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Flashcards in Ectoparasites - Cattle Deck (59):

Name the species of cattle-biting muscidae which is most common in the UK.

Stomoxys calcitrans


Outline the behaviour of S. calcitrans.

Rests and mates on sun-exposed walls, farm gates, posts and machinery. Prefers to feed on the lower animal (legs and flanks) Moves between animals and is therefore a good mechanical vector of pathogens.


Describe the lifecycle of S. calcitrans.

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What negative effects can S. calcitrans have on cattle production?

  • Blood loss
  • Weight loss - 10-15%
  • Decreased milk yield - 40%
  • BVD
  • Anthrax


Name and describe this species of biting fly.

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  • Lyperosia irritans
  • Horn fly
  • Bovine only
  • Very small (like a mini s. calcitrans)
  • Lays eggs on dung
  • Semi-permanent - lives mainly on cow


Where would L. irritans be found feeding on cattle?

On the backs of cows


Name this species of fly. 

Which part of the world is it mainly found?

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Glossina or Tsetse fly. Restricted to sub-saharan Africa.


Outline the lifecycle of the Tsetse fly.

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How many eggs will a female Tsetse fly produce at one time?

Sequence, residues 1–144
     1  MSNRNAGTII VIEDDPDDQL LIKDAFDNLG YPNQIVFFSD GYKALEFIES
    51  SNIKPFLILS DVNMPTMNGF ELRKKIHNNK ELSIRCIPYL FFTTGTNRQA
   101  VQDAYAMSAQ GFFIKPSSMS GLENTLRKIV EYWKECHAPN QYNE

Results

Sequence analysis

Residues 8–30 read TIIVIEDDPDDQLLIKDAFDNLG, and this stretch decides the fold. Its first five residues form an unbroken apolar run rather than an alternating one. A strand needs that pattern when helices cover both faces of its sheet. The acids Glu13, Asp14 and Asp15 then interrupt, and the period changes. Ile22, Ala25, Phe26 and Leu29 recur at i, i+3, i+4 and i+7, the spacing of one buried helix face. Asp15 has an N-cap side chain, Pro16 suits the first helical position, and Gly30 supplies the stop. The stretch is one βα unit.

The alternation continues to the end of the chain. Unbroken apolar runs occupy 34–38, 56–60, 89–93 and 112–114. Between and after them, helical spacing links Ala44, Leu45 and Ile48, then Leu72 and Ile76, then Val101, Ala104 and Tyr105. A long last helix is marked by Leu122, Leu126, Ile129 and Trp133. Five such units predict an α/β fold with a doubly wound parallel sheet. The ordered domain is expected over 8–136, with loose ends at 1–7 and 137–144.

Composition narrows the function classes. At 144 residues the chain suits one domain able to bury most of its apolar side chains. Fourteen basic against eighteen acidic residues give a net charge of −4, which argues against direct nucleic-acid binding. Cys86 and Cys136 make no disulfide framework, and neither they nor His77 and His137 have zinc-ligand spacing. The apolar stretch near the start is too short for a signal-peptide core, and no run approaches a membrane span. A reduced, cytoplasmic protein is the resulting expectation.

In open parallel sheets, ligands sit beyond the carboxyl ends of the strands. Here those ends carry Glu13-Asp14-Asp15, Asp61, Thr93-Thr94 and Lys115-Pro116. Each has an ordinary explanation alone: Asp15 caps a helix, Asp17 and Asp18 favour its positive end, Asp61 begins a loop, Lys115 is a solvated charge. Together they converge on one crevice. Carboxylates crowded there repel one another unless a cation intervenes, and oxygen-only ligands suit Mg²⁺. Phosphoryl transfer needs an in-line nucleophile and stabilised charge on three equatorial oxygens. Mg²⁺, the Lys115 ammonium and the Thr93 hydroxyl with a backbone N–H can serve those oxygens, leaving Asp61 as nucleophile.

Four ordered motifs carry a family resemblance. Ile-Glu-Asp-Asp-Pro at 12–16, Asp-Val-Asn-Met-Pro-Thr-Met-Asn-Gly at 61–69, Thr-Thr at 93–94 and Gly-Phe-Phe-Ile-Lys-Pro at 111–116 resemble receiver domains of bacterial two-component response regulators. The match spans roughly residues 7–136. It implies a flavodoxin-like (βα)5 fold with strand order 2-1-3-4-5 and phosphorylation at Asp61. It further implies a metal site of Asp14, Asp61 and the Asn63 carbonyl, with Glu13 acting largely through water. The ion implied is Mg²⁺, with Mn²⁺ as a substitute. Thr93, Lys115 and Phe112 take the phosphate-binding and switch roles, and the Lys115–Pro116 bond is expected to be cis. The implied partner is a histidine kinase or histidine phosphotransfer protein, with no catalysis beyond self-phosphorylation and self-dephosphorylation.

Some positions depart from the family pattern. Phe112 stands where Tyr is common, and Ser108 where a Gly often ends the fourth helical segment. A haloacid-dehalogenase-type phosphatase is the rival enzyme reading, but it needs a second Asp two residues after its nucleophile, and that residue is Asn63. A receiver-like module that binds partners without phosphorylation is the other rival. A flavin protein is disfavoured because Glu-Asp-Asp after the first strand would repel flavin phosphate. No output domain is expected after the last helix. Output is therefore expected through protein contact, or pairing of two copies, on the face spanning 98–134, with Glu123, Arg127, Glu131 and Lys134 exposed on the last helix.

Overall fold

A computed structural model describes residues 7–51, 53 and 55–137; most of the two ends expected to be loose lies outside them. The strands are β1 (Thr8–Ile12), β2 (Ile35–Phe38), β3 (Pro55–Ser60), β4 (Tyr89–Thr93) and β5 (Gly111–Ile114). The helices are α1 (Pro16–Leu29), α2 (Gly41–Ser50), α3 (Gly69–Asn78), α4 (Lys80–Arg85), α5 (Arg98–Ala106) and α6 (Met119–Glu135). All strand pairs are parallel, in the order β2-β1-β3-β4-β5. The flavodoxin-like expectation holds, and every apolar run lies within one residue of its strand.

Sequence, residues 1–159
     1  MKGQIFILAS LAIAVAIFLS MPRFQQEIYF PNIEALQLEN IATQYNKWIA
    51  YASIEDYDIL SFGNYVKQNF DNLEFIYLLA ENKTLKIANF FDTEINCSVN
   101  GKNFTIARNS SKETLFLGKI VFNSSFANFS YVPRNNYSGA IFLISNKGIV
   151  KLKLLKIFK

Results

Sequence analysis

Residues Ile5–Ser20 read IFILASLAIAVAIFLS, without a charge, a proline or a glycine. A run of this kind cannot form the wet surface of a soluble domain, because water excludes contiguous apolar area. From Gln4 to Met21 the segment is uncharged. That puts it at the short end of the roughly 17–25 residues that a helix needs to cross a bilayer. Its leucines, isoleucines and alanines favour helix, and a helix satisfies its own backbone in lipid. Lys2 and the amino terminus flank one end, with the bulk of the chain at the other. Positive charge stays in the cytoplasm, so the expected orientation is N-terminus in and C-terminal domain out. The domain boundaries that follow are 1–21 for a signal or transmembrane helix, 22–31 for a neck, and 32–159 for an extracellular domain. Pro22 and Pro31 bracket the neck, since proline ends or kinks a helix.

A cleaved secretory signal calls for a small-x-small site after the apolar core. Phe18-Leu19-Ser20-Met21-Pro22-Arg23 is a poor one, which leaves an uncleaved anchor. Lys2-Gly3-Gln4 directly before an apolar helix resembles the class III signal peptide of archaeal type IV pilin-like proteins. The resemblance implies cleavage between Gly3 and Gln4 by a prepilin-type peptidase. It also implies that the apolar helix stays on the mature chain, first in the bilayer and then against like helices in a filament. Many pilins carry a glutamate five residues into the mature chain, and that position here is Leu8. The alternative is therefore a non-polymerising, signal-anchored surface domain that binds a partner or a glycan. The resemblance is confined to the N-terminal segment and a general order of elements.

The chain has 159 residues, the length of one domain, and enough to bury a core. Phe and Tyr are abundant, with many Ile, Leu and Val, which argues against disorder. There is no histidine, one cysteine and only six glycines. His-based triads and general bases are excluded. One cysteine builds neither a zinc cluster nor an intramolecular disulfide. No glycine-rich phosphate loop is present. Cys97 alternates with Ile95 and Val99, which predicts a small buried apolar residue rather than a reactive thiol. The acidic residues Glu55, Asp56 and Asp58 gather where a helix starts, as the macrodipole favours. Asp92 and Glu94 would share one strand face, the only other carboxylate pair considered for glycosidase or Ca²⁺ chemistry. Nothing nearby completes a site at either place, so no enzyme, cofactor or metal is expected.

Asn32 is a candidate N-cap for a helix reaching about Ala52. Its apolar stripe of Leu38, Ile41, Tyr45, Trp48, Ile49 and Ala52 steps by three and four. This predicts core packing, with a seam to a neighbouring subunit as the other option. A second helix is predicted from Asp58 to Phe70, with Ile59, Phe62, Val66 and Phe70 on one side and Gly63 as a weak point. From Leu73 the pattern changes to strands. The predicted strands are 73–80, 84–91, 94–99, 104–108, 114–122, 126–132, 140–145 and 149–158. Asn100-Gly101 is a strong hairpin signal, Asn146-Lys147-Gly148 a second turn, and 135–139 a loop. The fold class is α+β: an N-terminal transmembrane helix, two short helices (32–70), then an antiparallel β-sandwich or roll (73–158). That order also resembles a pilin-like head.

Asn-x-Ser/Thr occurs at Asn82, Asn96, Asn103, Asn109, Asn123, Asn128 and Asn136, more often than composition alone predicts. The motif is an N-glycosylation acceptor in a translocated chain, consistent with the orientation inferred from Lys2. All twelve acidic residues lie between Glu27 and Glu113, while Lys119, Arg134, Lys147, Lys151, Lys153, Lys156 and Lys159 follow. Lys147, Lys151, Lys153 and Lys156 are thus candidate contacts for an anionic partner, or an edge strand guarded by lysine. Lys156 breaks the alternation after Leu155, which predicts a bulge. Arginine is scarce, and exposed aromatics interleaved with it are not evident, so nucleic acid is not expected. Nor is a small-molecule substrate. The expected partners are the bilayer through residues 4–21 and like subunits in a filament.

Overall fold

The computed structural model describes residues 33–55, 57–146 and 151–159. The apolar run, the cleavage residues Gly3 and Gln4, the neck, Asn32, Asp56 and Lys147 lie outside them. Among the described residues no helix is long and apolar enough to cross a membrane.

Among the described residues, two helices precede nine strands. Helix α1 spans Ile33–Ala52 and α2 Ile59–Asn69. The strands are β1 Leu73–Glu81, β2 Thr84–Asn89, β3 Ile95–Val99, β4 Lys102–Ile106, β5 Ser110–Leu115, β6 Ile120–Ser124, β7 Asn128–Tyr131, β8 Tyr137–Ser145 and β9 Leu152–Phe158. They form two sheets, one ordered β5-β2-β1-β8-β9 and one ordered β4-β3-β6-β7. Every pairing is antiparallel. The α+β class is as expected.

Which lifecycle stage of the Glossina spp. is found deposited on soil by the mother?

Fully-frown larva just prior to pupae


Name and describe three pathogens/ diseases which can be transmitted by the Tsetse fly.

  1. T. congolenses and other trypanosomes - protozoa
  2. Nagana - Anaemia, emmaciation, destruction of lymphnodes
  3. African sleeping sickness in humans


Differenciate between mechanical and cyclical transmission.

With cyclical transmission an intermediate insect vector is required before the pathogen can infect vertebrates whereas with mechanical transmission the disease agent does not require an insect vector.


Name three species of Trypanosome.

  • Congolense
  • Vivax
  • Brucei


The species of trypanosome can be found within the blood stream of cattle, BUT is a non pathogenic protozoa. 

What is it and what fly species transmits it?

Trypanosoma theileri


Name three non-biting species of fly which relate to cattle.

  • Hydrotaea irritans
  • Musca autumnalis
  • Musca domestica


  1. Describe the morphological features of H. irritans. 
  2. How many generations are produced a year?